With my exam in Financial Mathematics set for this week, along with finishing up the exam in Probability earlier this year, I am excited to see what is next in store with the next two exams: Models of Life Contingencies & Models of Financial Economics. By just taking a peek of the material that I hope to be taking on next year I can see that these first two preliminary exams truly do set the foundation necessary to comprehend the fascinating “models” exams.
Probability destroyed my false understanding of how the universe of chance ought to be understood. Choosing to take on a career in actuarial science has given me more intellectually than I had ever even imagined. Nevertheless, learning how calculus and simple counting is applied and necessarily applied to our calculation needs is fascinating. It is interesting to see how probability is applied in financial models in calculating the price of derivatives contracts and used in determining the survival rate of a person’s class. Option prices can be seen as early in the financial mathematics exam where the put-call parity equation is heavily relied on as a source of question material for the derivatives portion of the exam.
Where the Probability Exam gave me a real understanding on probability theory, the Financial Mathematics Exam astonished me on theory of interest. The theory of interest had always been something I wasn’t very keen on and the introduction of “i, d, and v”, not to mention the annuity symbols did not help at all initially. But over the course of time and getting through the material, everything else began to make sense. I was always fascinated in derivatives long before even considering taking an actuarial exam and being able to look forward to getting an actuarial look of derivatives at the end of the Adapt eCourse always kept me going. Furthermore, the theory of interest is crucial to the models exams in factoring in the time value of money in option pricing along with the use of life-contingent annuities products. The Financial Mathematics is often referred to as the most practical of the exams for daily use; I have heard from many actuaries that it is one of the only exams that remains one they remember. As a student riding the trains in New York City, I am often drawn to the APR rates found on the advertisements and then calculating the annual effective rate and even throwing in an annuity formula to see what can be done; all this being learned from Coaching Actuaries.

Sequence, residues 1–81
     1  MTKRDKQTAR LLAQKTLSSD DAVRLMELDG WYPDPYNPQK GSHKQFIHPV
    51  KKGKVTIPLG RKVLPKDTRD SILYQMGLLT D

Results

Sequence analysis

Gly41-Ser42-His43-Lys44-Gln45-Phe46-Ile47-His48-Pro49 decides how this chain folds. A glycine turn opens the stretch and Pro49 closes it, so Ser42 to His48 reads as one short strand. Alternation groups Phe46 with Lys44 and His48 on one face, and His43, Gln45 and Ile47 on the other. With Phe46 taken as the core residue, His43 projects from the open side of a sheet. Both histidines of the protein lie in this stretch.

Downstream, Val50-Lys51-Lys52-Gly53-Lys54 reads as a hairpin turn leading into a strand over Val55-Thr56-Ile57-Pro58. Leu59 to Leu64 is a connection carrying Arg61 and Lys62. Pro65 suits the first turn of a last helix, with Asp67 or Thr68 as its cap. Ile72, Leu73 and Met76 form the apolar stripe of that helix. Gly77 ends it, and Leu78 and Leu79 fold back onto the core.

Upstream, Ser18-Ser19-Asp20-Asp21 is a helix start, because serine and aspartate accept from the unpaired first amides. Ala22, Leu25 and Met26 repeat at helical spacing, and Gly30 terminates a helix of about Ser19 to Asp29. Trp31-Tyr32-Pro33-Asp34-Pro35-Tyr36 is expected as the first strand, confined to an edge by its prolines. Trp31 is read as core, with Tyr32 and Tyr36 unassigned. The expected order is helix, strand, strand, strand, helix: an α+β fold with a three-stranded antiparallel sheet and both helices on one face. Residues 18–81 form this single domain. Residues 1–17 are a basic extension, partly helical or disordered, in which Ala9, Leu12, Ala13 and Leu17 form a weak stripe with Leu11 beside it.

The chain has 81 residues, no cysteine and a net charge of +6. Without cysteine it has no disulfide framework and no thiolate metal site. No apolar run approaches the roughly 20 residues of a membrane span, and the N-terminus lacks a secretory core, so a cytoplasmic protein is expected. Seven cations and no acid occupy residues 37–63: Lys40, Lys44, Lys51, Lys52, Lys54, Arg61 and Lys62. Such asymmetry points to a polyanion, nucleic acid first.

Ultimately, each time I approach the end period of exam I am always torn. There is a part of me that is afraid that I will fail and will have to continue studying the material further to hopefully pass, there is also another part of me that is excited for a nice break after the exam to rest and recover from the rigor that these exams require of us students. Yet, there is another part of me that is excited for the next set of exams where the material I have learned will continue to be expanded and that this model will circulate until all the exams are hopefully completed.